“In every human Breast, God has implanted a Principle, which we call Love of Freedom; it is impatient of oppression, and pants for Deliverance. … The same Principle lives in us.”
— Phillis Wheatley, 1774, an enslaved colonial American-born African poetess who captured the feelings of American-born Africans.
Evidence of slavery predates written records and is thought to have begun sometime after the invention of agriculture about 11,000 years ago. Slavery existed in almost every ancient civilization including Egypt, China, India, Greece, the Roman Empire, and the pre-Columbian civilizations of the Americas. These slavery practices were a mixture of debt-slavery, punishment for crime, the enslavement of prisoners of war, child abandonment, and the birth of slave children to slaves.
In Europe, slavery existed from Classical times and did not decline until the collapse of the Roman Empire. Slavery remained in Europe throughout the early medieval period, but, became increasingly uncommon in Northern Europe and by the 11th and 12th centuries, had been effectively abolished in the North. In Southern and Eastern Europe, slavery remained a normal part of the society and economy and trade across the Mediterranean and the Atlantic seaboard meant that African slaves began to appear in Italy, Spain, Southern France, and Portugal well before the discovery of the New World.
From about the 8th century onwards, an Arab-run slave trade also flourished. In addition, many African societies, themselves, had forms of slavery.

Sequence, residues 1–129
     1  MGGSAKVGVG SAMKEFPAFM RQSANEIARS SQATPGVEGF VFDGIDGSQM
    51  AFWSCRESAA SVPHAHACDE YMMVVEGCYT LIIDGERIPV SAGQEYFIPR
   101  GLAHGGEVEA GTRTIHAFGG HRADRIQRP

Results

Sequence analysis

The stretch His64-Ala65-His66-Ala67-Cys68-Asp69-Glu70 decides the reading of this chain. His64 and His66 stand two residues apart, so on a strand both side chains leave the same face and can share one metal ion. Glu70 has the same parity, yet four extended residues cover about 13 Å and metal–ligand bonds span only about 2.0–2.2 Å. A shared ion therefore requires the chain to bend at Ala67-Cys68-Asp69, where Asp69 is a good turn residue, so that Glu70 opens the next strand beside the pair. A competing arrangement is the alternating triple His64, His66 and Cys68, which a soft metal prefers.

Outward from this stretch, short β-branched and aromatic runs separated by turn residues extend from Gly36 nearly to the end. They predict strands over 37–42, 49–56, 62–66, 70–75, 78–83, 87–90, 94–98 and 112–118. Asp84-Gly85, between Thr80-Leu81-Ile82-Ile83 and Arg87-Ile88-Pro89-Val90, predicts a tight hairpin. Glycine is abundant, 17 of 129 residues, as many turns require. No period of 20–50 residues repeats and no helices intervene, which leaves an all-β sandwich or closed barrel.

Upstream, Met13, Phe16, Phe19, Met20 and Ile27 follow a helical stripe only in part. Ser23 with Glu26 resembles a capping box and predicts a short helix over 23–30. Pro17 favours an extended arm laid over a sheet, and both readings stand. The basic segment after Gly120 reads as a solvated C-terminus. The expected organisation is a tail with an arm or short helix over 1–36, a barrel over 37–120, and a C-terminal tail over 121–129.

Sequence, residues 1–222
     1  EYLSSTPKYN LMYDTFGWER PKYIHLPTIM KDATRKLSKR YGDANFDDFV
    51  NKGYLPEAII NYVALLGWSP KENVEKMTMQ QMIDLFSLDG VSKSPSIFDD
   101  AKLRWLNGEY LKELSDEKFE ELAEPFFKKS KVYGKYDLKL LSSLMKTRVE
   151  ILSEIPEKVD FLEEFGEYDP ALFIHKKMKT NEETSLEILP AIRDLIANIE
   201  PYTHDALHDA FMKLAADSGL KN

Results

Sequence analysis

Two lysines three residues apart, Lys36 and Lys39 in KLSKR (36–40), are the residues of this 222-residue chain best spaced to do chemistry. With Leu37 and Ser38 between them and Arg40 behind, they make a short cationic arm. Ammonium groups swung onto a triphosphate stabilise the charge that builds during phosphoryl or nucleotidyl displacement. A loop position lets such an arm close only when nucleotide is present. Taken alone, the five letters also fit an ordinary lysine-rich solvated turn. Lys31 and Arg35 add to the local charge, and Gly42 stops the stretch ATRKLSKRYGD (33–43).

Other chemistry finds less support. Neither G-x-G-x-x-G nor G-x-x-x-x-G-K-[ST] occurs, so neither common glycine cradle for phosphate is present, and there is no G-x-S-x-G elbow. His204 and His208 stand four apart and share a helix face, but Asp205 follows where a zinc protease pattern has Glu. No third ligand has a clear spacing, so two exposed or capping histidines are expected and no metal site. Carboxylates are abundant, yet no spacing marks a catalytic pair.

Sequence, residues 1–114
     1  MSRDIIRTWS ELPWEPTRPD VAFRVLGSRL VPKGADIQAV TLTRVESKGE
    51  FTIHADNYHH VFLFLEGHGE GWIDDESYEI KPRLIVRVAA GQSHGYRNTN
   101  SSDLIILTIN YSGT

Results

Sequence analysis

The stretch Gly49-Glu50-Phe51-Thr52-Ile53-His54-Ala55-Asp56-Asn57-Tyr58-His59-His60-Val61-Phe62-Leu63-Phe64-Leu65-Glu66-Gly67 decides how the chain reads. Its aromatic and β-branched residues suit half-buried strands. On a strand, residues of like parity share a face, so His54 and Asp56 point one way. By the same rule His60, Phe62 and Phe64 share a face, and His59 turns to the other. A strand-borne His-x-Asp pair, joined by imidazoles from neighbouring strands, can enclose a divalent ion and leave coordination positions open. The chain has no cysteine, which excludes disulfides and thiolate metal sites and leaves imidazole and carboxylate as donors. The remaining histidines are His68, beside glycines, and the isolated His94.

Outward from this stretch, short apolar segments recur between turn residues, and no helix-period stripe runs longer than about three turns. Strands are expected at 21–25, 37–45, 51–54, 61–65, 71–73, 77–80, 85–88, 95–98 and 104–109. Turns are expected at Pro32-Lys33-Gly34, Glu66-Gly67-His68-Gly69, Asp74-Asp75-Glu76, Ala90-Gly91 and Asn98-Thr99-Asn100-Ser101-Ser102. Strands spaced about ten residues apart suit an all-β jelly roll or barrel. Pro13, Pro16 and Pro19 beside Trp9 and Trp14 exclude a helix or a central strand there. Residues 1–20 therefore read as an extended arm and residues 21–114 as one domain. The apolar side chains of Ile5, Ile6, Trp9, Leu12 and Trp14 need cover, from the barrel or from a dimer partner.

1441 – Start of European slave trading in Africa. The Portuguese captains Antao Gonçalves and Nuno Tristao capture 12 Africans in Cabo Branco (modern Mauritania) and take them to Portugal as slaves.
1472 – The Portuguese negotiate the first slave trade agreement that also includes gold and ivory. By the end of the 19th Century, because of the slave trade, five times as many Africans (over 11 million) would arrive in the Americas than Europeans.
1494 – The first Africans arrive in Hispaniola with Christopher Columbus. They are free persons.
1503 -Spanish and Portuguese bring African slaves to the Caribbean and Central America to replace Native Americans in the gold mines.
1510 – The start of the systematic transportation of African slaves to the New World begins when King Ferdinand of Spain authorizes a shipment of 50 African slaves to be sent to Santo Domingo.
1619 – A Dutch ship transports 20 Africans to Jamestown, Virginia. Initially, they appear to have been indentured servants; but, the institution of hereditary lifetime service for enslaved African-Americans soon develops.
Did You Know??…..
An estimated 1-1.25 million Europeans were captured by Barbary pirates and sold as slaves in North Africa and the Ottoman Empire between the 16th and 19th centuries.
The Africans called the trip across the Atlantic Ocean “Middle Passage.”
1641 – The Massachusetts Bay Colony legalized slavery.
1651 – Rhode Island declares an enslaved person must be freed after 10 years of service.
1660s –The practice of slavery becomes a legally recognized institution in British America. Colonial assemblies begin to enact laws known as slave codes, which restrict the liberty of slaves and protect the institution of slavery.
1660 – Virginia legalizes slavery.
1663 – A Virginia court decides a child born to an enslaved mother is also a slave.
1672 -The King of England charters the Royal African Company, thereby encouraging the expansion of the British slave trade.
1676 -Nathaniel Bacon (Bacon’s Rebellion) appeals to enslaved blacks to join in his cause.